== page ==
Gophers gymnast Ellis Mannon was one of 2,437 students admitted to Stanford University last spring.
In high school, Mannon reached out to Stanford and eight other Division I schools with men’s gymnastics programs. The Cardinal, who had won the 2009 national championship and was on the verge of another, responded with interest.
Sounds like a perfect match, right?
Mannon didn’t think so — he chose Minnesota, another top Division I program instead.
“I felt more wanted here,” Mannon said.
Despite struggling with inconsistency, Mannon has had a productive freshman season with the Gophers and established himself as a force in the lineup.
He will wrap up his season at the NCAA championships April 19-21 in Norman, Okla. The fifth-ranked Gophers will count on Mannon to perform well on the pommel horse — his specialty — to meet their goal of making the team final.
If he had chosen differently almost a year ago, he could be competing with defending champion Stanford, which is ranked third.
“We’ve had some recruiting battles with Stanford in the past, and when guys get admitted to Stanford, it’s a hard sell to get them away from there,” Gophers head coach Mike Burns said. “That was a big feather in our cap. … I’m always happy when we can beat Stanford in a recruiting battle.”
As it is, Mannon’s Gophers will not meet Stanford unless both advance to the team final.
“I didn’t really get to know them, so I don’t think it will be awkward or anything,” Mannon said.
Mannon applied to nine of the 17 Division I colleges in the U.S. with men’s gymnastics programs. All nine accepted him, but Minnesota and Stanford quickly became his top two choices.
He likely would have gotten into either school based solely on academic merits. He had a 3.7 GPA in high school and scored a 2220 on his SAT.
Pursuing a spot on a Division I gymnastics team required a little more attention.
In gymnastics terms, Mannon began late at the age of 9. By the end of his high school career in Indianapolis, however, his Division I prospects seemed viable, his father James Mannon said.
The only problem was, few collegiate coaches knew of Ellis Mannon.
After the early November signing period passed, Ellis Mannon and his father decided to take recruiting into their own hands before the second signing period in April.
“I really had no notion about how to go about contacting colleges, but you just Google it,” James Mannon said.
Through the power of search engines, James Mannon decided to make DVDs of his son’s gymnastics and sent them to the nine schools he applied to.
In the age of YouTube, the old-world charm of DVDs stood out to Burns.
“Ellis really contacted us, which is interesting,” Burns said. “I’m like, ‘Wow, this kid’s pretty good. He’s kind of been under the radar screen. … We’ve got to take a look at this kid.’”
Ellis Mannon’s gymnastics also intrigued Stanford head coach Thom Glielmi.
“He’s a very solid pommel horse guy, and he looked like a viable candidate to be admitted,” Glielmi said. “That’s the big thing — if he can add to a team and he can get in [to Stanford], then I’m going after him.”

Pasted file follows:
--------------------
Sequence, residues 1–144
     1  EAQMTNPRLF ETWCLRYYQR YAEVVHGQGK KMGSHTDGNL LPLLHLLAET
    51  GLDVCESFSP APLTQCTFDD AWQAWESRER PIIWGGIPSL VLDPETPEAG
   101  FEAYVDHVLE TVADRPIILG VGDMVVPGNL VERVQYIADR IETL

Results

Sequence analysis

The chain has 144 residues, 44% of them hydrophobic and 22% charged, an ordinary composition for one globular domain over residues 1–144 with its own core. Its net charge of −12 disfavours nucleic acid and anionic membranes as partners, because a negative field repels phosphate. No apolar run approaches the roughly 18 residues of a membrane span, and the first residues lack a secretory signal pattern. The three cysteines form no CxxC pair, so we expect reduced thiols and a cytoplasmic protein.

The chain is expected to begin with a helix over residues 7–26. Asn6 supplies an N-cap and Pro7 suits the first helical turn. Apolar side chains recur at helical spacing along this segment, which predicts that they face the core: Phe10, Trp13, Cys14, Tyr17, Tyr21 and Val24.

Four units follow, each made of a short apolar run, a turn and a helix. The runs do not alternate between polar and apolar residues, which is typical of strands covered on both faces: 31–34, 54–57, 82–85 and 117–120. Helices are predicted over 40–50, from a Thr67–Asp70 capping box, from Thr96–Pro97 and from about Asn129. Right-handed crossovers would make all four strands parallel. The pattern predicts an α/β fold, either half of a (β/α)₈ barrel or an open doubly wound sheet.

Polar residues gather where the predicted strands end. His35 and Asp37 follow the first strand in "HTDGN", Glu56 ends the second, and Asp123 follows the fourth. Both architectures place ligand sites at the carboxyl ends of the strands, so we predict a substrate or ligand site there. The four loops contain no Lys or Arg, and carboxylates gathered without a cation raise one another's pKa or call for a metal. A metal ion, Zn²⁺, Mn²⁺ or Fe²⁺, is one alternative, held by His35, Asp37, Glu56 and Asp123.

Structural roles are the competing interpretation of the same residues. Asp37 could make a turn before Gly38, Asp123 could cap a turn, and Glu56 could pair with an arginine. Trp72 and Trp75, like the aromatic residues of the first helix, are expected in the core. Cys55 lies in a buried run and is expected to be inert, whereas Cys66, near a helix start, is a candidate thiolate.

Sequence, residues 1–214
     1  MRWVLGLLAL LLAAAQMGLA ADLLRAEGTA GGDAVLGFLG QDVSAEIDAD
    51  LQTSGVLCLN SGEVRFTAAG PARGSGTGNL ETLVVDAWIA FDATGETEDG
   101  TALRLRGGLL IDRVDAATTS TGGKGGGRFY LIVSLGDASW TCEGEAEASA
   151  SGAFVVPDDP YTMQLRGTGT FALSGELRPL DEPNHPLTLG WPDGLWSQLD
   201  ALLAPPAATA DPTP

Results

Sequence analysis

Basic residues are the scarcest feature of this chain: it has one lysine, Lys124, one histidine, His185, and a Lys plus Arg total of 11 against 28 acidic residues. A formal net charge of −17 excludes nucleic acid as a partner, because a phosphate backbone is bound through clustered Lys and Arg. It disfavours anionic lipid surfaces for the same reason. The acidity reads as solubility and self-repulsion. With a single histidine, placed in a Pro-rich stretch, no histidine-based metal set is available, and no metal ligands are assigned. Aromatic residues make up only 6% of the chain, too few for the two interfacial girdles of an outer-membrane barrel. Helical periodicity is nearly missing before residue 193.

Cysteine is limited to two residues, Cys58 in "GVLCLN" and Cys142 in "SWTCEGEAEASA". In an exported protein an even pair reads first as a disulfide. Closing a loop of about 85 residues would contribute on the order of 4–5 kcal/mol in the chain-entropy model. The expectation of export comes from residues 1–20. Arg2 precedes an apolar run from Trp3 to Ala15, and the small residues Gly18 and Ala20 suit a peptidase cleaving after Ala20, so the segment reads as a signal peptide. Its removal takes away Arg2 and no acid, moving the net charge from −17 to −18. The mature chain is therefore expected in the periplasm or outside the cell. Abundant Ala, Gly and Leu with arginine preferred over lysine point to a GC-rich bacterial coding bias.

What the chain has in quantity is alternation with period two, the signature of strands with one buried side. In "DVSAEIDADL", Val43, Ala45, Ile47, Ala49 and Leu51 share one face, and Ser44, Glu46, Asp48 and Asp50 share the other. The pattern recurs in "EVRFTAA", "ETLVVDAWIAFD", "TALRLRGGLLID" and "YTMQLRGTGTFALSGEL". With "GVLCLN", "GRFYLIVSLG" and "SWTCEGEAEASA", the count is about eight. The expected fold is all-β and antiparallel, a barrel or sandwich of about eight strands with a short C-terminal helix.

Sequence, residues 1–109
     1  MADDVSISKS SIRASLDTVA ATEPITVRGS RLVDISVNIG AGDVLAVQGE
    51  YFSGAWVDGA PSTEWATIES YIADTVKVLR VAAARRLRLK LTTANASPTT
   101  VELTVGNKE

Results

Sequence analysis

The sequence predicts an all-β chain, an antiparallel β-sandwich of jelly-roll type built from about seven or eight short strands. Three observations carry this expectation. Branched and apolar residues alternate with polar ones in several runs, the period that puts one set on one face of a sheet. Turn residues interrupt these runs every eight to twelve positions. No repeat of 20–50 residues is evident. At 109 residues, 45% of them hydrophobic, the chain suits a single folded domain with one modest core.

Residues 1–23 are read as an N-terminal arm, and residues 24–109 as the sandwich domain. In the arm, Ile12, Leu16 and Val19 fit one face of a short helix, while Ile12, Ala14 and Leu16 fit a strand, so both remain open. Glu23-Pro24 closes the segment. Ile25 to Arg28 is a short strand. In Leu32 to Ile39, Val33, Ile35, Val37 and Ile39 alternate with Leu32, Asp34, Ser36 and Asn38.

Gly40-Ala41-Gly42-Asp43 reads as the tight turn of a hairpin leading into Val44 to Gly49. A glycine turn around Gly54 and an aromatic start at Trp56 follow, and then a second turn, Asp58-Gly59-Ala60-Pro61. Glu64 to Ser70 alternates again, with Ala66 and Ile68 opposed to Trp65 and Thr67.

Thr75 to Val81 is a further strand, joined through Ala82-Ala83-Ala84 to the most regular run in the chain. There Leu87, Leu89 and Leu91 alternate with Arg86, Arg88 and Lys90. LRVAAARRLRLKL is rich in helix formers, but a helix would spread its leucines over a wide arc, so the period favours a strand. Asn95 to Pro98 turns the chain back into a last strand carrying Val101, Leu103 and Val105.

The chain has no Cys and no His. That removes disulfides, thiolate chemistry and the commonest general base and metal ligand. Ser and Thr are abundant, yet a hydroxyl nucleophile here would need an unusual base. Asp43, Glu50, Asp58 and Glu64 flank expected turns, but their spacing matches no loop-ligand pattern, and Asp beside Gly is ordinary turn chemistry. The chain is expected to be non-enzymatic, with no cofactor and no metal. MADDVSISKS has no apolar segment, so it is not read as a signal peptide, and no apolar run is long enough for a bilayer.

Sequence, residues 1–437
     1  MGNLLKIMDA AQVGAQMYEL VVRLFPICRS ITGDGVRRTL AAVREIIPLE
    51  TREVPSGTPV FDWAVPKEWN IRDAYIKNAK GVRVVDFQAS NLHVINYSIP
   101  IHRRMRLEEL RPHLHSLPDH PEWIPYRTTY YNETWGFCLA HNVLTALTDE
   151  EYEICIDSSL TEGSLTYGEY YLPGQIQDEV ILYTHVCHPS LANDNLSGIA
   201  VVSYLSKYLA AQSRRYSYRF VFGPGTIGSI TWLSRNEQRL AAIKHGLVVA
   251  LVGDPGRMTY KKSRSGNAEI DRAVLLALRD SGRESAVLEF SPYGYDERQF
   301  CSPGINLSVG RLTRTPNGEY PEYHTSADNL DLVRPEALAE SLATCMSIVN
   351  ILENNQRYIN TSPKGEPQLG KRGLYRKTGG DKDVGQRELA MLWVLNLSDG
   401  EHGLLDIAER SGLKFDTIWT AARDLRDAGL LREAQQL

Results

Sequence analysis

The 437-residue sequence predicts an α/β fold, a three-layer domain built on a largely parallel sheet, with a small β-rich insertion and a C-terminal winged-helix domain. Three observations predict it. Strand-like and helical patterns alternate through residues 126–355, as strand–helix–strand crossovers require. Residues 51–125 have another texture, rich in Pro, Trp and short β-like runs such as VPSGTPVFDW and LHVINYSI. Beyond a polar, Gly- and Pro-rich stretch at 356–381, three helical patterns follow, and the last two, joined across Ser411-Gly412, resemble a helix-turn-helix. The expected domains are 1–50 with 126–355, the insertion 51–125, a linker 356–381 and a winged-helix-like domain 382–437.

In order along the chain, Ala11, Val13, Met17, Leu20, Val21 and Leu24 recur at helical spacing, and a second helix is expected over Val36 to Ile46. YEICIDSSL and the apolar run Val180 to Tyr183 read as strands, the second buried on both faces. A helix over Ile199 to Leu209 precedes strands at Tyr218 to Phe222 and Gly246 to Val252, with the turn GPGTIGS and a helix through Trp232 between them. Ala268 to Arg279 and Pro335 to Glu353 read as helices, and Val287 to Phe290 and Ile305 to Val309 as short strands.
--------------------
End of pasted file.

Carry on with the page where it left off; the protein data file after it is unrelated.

With two of the nation’s top teams pursuing him, Mannon faced a tough decision.
He took an unofficial visit to Stanford in 2009 and an official recruiting trip to Minnesota last February.
“I think if he had a good impression in February — during a year when they were actually having a real winter [in Minnesota] — I figured he was probably pretty good,” James Mannon said.
Ellis Mannon’s time with the team, especially that year’s freshman class, helped him realize that he would fit in at Minnesota.
“I felt like I could contribute … and I felt like I connected with the team,” Ellis Mannon said.
On the athletics side, Mannon favored Minnesota, but it was the school’s academics that sealed the deal.
Mannon plans to major in chemical engineering. Minnesota’s chemical engineering program is ranked fourth in the nation according to U.S. News Education, one below Stanford’s.
“It wasn’t like I was choosing the worse academic school,” Mannon said.
He is also considering minoring in music performance. He has played the violin since he was 6 years old, and he performed in youth symphonies while growing up in Indiana.
For his parents, it was the scholarships, both athletic and academic, that made the difference.
“[Ellis] was a national merit scholarship winner, and Stanford doesn’t really reward that the way that Minnesota does,” James Mannon said.
Ellis Mannon receives 80 percent of his tuition from academic scholarships and the last 20 percent from athletic scholarships — a full ride.
“His academic award was really the thing that made it possible for him to do gymnastics,” James Mannon said, “because the athletics awards oftentimes aren’t that big in many of the smaller sports.”
While Mannon has excelled in the classroom and in his sport, he isn’t perfect.
“One word: athleticism. He lacks a lot of it,” said Steve Jaciuk, his friend and teammate. “When it comes to that pommel horse, he’s got all the attributes there. But outside of gymnastics, he’s not the most athletic person in the world.”
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